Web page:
Hearing loss in children is common and by age 18 years, affects nearly 1 of every 5 children. Without hearing rehabilitation, hearing loss can cause detrimental effects on speech, language, developmental, educational, and cognitive outcomes in children.
Consequences of hearing loss in children include worse outcomes in speech, language, education, social functioning, cognitive abilities, and quality of life. Hearing loss can be congenital, delayed onset, or acquired with possible etiologies including congenital infections, genetic causes including syndromic and nonsyndromic etiologies, and trauma, among others. Evaluation of hearing loss must be based on suspected diagnosis, type, laterality and degree of hearing loss, age of onset, and additional variables such as exposure to cranial irradiation. Hearing rehabilitation for children with hearing loss may include use of hearing aids, cochlear implants, bone anchored devices, or use of assistive devices such as frequency modulating systems.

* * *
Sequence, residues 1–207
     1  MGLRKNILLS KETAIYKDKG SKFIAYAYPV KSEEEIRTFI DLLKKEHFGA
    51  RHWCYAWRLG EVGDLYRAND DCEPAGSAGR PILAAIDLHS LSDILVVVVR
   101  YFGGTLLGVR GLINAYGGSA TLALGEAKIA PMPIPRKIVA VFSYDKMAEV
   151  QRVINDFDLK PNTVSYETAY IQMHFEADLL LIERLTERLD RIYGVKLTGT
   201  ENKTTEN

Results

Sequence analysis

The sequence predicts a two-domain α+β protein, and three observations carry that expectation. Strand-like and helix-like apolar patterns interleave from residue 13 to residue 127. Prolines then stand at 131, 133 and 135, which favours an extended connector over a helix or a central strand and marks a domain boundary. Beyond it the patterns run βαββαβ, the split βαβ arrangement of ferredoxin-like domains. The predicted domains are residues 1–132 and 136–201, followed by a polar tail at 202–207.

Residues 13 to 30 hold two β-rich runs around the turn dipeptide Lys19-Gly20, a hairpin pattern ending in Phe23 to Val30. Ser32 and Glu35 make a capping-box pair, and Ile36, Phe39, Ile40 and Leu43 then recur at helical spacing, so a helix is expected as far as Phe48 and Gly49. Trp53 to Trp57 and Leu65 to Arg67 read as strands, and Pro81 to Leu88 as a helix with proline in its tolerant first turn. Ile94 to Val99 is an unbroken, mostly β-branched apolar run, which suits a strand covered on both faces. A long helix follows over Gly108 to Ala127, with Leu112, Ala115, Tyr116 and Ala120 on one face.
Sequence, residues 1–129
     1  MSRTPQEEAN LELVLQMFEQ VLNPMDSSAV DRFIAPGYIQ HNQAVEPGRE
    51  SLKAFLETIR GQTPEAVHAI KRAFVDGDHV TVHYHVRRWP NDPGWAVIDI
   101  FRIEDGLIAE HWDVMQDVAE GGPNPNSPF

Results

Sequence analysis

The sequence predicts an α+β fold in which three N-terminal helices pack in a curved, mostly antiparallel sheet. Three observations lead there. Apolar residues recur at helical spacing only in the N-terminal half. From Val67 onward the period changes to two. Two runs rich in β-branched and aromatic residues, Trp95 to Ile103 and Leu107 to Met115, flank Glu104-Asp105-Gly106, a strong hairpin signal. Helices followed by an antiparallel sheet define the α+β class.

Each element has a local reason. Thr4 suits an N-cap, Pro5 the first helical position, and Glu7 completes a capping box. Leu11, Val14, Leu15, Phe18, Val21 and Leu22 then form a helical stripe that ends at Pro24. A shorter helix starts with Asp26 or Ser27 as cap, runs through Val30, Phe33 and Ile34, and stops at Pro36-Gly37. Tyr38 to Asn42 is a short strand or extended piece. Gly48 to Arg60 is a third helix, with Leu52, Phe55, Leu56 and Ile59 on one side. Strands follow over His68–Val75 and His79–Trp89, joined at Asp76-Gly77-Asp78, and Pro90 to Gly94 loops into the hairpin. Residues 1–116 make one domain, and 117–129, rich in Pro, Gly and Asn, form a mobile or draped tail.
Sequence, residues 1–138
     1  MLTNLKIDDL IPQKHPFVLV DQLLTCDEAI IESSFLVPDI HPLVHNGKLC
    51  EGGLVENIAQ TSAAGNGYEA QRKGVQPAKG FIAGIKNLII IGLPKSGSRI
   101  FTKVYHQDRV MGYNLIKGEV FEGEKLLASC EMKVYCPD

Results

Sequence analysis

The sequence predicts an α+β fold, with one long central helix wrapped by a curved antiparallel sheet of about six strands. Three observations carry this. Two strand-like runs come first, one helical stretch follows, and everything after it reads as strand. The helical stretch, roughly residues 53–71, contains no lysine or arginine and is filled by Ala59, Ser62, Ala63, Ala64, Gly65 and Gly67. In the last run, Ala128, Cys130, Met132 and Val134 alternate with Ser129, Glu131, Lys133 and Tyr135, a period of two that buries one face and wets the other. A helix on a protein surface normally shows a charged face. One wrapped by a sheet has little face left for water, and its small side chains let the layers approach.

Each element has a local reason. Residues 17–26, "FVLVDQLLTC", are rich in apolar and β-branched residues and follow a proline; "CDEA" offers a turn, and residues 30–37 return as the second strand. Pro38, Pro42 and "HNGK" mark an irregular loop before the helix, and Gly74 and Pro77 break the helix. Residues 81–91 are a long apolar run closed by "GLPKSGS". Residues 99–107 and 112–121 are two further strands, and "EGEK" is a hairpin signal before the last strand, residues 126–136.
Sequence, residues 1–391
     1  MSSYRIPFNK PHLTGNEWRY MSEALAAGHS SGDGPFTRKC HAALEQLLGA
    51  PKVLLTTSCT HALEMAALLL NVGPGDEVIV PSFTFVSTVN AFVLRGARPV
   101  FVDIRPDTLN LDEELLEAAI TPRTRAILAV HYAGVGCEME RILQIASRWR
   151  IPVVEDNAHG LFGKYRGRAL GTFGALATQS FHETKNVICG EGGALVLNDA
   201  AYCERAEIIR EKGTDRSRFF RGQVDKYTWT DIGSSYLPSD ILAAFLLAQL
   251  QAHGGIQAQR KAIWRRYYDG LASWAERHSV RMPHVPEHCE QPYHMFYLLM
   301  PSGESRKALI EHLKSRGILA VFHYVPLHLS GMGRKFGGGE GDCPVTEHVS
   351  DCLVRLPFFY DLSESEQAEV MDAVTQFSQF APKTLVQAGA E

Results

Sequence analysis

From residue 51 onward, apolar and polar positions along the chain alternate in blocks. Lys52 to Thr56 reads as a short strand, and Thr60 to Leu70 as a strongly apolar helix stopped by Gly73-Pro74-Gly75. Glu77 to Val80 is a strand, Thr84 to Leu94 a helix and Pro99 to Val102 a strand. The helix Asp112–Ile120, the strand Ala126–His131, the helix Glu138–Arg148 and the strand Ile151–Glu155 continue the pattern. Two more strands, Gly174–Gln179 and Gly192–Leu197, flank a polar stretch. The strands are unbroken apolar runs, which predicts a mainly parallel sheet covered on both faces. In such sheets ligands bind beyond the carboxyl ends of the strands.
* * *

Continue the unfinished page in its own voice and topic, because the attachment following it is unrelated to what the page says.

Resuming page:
Conclusions and Relevance
Hearing loss in children is common, and there has been substantial progress in diagnosis and management of these cases. Early identification of hearing loss and understanding its etiology can assist with prognosis and counseling of families. In addition, awareness of treatment strategies including the many hearing device options, cochlear implant, and assistive devices can help direct management of the patient to optimize outcomes.
Lieu JEC, Kenna M, Anne S, Davidson L. Hearing Loss in Children: A Review. JAMA. 2020;324(21):2195–2205. doi:10.1001/jama.2020.17647
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